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J Bacteriol. 2005 Dec;187(24):8237-46.

Spatial periodicity of Escherichia coli K-12 biofilm microstructure initiates during a reversible, polar attachment phase of development and requires the polysaccharide adhesin PGA.

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  • 1Department of Microbiology and Immunology, Emory University School of Medicine, 3105 Rollins Research Center, 1510 Clifton Rd. N.E., Atlanta, GA 30322, USA.

Abstract

Using fast Fourier transform (FFT) analysis, we previously observed that cells within Escherichia coli biofilm are organized in nonrandom or periodic spatial patterns. Here, we developed a gravity displacement assay for examining cell adherence and used it to quantitatively monitor the formation of two distinct forms of cell attachment, temporary and permanent, during early biofilm development. Temporarily attached cells were mainly surface associated by a cell pole; permanent attachments were via the lateral cell surface. While temporary attachment precedes permanent attachment, both forms can coexist in a population. Exposure of attached cells to gravity liberated an unattached population capable of rapidly reassembling a new monolayer, composed of temporarily attached cells, and possessing periodicity. A csrA mutant, which forms biofilm more vigorously than its wild-type parent, exhibited an increased proportion of permanently attached cells and a form of attachment that was not apparent in the parent strain, permanent polar attachment. Nevertheless, it formed periodic attachment patterns. In contrast, biofilm mutants with altered lipopolysaccharide synthesis (waaG) exhibited increased cell-cell interactions, bypassed the polar attachment step, and produced FFT spectra characteristic of aperiodic cell distribution. Mutants lacking the polysaccharide adhesin beta-1,6-N-acetyl-d-glucosamine (DeltapgaC) also exhibited aperiodic cell distribution, but without apparent cell-cell interactions, and were defective in forming permanent attachments. Thus, spatial periodicity of biofilm microstructure is genetically determined and evident during the formation of temporary cell surface attachments.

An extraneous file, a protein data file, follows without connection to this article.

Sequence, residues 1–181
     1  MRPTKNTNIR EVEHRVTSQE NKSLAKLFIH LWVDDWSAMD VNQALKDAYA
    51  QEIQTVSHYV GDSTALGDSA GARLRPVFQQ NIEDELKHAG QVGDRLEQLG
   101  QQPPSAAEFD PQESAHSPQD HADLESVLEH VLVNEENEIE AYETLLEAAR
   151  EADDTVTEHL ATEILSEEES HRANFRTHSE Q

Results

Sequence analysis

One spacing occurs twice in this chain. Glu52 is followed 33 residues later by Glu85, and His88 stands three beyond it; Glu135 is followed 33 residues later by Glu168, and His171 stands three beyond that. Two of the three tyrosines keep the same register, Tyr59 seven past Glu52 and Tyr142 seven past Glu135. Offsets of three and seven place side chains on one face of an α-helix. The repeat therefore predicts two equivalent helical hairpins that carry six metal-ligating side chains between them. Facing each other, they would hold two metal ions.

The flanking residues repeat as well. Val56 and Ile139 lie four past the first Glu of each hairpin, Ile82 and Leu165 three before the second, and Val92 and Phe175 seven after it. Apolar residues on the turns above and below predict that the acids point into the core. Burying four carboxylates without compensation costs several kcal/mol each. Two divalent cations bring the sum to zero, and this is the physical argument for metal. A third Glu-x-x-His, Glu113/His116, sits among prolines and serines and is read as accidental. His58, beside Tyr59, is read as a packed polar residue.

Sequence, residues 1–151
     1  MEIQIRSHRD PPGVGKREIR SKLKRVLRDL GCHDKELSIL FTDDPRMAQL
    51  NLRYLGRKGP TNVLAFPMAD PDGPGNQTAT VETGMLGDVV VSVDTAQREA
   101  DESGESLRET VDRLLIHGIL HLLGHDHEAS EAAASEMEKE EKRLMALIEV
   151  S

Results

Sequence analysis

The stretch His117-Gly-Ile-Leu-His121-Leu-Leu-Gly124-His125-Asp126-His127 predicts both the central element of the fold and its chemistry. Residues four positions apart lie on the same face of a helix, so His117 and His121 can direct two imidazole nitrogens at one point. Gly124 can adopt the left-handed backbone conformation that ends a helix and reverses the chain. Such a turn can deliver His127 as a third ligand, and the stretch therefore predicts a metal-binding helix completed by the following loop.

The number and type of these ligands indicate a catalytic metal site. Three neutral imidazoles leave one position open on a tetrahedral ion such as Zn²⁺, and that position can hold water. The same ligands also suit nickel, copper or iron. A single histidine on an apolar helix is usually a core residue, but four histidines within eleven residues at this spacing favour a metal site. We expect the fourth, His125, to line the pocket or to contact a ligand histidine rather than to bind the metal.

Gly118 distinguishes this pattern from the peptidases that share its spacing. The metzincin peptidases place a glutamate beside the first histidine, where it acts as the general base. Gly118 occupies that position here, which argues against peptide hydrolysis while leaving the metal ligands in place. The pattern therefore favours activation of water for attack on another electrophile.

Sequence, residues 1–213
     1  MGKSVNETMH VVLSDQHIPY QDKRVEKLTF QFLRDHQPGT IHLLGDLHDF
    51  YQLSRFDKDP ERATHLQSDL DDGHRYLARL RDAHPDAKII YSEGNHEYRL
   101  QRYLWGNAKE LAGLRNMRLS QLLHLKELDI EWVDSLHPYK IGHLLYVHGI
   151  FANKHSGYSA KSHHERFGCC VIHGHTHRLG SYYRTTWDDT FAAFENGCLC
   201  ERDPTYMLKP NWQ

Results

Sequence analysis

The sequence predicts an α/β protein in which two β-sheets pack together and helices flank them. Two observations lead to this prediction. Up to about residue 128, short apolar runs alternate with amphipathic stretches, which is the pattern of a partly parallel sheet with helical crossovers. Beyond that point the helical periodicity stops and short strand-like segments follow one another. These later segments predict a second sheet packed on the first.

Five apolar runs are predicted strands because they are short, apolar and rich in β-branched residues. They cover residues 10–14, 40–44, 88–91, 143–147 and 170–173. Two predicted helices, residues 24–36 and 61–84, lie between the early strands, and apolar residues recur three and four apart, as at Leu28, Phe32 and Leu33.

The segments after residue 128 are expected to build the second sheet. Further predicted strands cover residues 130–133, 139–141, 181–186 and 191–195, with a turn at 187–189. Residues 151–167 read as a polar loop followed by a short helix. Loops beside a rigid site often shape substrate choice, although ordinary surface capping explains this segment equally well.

PMID:
16321928
[PubMed - indexed for MEDLINE]
PMCID:
PMC1317006
Free PMC Article
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